Can you help me with this supposed contradiction?  [Editor’s note: As you will see below, this is a claim that there is a contradiction between the resurrection accounts in Luke/Acts and Matthew with regard to where and when the apostles went to Galilee and Jerusalem.]


The claim is that the post-resurrection accounts are in contradiction with regard to where the apostles were instructed to go by Jesus.  In Luke 24:49 Jesus tells the disciples to wait in Jerusalem until they are “clothed with power from on high.”  This is rather obvious reference to what Luke later reports in his second book–Acts, when the Holy Spirit falls on the apostles in chapter two of Acts.  Similarly, In Acts 1:4, Jesus tells the apostles, “Do not leave Jerusalem, but wait for the gift my Father promised, which you have heard me speak about.”

The claimed contradiction comes from Matthew (the author claims that Mark has the same apparent discrepancy, but the original Mark ends at 16:8 and does not include the ascension, so I will not deal with Mark).  In Matthew 28:16 we are told that “the eleven disciples went to Galilee to the mountain Jesus had told them to go.  Matthew does not record the ascension, but he gives us the “Great Commission,” which was given by Jesus on a mountain in Galilee.

There are other details in the article that deserve mentioning, but before I get to this, let me explain what I believe happened.  In Acts, Luke does not tell us where the ascension took place, but he does tell us that Jesus told them to wait in Jerusalem.  In Luke we are told that the ascension took place at Bethany, near Jerusalem.  Matthew does not mention the ascension at all.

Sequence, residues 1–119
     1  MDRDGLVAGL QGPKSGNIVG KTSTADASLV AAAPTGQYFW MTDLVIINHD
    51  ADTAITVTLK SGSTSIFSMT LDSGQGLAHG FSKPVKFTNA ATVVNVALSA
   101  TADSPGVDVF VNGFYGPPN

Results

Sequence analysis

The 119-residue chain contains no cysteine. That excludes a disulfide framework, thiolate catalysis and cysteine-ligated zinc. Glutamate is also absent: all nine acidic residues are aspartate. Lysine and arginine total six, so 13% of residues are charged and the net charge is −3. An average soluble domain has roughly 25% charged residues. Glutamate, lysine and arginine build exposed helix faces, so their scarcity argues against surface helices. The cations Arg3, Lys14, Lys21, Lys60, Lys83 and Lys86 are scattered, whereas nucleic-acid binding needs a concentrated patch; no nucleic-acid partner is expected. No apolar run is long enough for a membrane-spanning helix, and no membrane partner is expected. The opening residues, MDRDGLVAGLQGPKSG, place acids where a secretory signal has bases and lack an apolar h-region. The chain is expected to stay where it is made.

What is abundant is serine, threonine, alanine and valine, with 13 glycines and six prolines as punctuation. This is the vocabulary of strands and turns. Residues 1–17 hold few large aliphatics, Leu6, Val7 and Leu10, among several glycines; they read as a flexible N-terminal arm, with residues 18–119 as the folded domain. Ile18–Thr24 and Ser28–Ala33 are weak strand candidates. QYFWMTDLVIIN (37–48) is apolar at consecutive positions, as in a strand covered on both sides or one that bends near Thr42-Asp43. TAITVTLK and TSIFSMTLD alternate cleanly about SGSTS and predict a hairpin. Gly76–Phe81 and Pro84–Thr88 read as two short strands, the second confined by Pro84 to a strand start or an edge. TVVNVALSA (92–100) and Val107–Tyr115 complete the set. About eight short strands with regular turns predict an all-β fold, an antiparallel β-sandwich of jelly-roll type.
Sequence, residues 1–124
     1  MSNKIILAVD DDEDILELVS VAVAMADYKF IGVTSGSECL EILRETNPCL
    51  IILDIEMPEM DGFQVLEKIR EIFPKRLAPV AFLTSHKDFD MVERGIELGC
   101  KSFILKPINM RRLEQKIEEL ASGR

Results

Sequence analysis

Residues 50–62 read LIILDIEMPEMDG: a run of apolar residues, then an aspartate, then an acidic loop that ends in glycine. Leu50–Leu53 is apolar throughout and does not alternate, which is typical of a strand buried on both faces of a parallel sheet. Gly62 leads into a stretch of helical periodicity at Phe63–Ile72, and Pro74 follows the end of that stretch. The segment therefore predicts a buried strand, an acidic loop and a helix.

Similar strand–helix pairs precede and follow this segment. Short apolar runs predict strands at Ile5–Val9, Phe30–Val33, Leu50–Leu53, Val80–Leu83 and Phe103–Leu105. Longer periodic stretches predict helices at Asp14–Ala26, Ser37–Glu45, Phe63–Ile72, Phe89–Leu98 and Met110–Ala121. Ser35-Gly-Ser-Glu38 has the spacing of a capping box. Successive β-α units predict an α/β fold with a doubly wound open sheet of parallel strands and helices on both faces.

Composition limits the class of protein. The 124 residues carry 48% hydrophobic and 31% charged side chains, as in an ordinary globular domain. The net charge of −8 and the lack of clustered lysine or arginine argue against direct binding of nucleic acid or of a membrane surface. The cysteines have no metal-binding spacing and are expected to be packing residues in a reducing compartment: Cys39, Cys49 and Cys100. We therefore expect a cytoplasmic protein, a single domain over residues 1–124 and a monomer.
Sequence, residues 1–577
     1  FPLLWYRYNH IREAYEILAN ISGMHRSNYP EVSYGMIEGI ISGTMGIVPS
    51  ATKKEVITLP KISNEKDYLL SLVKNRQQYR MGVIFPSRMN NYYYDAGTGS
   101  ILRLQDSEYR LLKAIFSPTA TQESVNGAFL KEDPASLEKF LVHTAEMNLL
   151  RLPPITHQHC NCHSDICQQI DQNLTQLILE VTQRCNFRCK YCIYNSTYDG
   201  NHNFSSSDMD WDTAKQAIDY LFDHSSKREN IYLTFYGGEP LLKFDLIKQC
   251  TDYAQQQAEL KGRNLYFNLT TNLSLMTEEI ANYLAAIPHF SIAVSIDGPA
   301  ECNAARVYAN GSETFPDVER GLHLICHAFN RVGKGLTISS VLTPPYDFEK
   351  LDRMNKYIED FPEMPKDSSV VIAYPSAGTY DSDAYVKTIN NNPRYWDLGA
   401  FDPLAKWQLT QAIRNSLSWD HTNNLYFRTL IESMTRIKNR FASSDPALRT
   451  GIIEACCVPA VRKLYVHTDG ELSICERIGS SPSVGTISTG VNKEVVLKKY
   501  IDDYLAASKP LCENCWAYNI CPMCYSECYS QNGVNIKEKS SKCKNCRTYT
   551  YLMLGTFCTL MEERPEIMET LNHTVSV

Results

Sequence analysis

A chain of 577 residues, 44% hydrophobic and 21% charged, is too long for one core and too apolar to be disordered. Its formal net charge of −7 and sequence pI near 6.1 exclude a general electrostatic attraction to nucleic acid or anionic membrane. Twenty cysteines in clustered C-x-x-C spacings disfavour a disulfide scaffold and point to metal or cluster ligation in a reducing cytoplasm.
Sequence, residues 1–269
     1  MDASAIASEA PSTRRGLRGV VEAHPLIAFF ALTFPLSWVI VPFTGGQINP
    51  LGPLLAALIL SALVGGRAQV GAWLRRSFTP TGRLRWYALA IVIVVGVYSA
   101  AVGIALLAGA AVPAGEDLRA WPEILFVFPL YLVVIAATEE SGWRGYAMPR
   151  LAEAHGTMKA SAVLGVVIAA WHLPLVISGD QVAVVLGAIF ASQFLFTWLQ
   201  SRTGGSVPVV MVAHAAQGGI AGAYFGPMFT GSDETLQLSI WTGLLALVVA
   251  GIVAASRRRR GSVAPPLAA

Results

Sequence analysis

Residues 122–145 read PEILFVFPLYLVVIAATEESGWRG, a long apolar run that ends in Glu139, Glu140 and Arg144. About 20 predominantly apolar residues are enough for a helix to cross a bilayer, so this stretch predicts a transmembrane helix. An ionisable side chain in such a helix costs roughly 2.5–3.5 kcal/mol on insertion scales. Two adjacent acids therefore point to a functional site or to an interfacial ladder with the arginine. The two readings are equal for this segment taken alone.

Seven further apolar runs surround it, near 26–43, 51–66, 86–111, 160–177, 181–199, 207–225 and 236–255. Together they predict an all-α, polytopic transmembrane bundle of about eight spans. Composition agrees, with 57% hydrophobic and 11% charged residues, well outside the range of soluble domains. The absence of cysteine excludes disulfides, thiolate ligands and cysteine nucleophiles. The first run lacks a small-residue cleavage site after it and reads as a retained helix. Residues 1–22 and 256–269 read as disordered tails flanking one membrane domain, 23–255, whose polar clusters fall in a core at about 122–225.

Here is how claimed discrepancies should be handled.  The benefit of the doubt goes to the witnesses.  An apparent contradiction is only an actual contradiction if there is no way that both can be true.  The author at this web site is trying to claim that there is no way that both can be true.  Well, he is wrong.  Most likely what happened is that Jesus did tell his disciples to go to Galilee.  In fact, in John we find them in Galilee.  Luke tells us that Jesus appeared multiple times over a 40 day period, including multiple appearances in Jerusalem.  So, what apparently happened is that Jesus appeared to the apostles at least twice in Jerusalem, once without Thomas and later with Thomas (John 20:24-29).  Later the apostles went to Galilee, where the scene with the fish (John 21) and the closing scene in Matthew occurred.  However, Jesus told his followers to return to Jerusalem and wait there for the coming of the Holy Spirit, which happened on the Day of Pentecost.  Jesus ascended after about 40 days (Acts 1) from Bethany (Luke 24), which is very close to Jerusalem–just a few hundred yards, but the outpouring of the Holy Spirit happened after 50 days (Acts 2).  Where is the contradiction?

Again, the benefit of the doubt has to lie with the ones who were either there (Matthew, John) or who interviewed those who were there (Luke).  If there is a reasonable scenario by which all can be true, then there is no contradiction.  Period.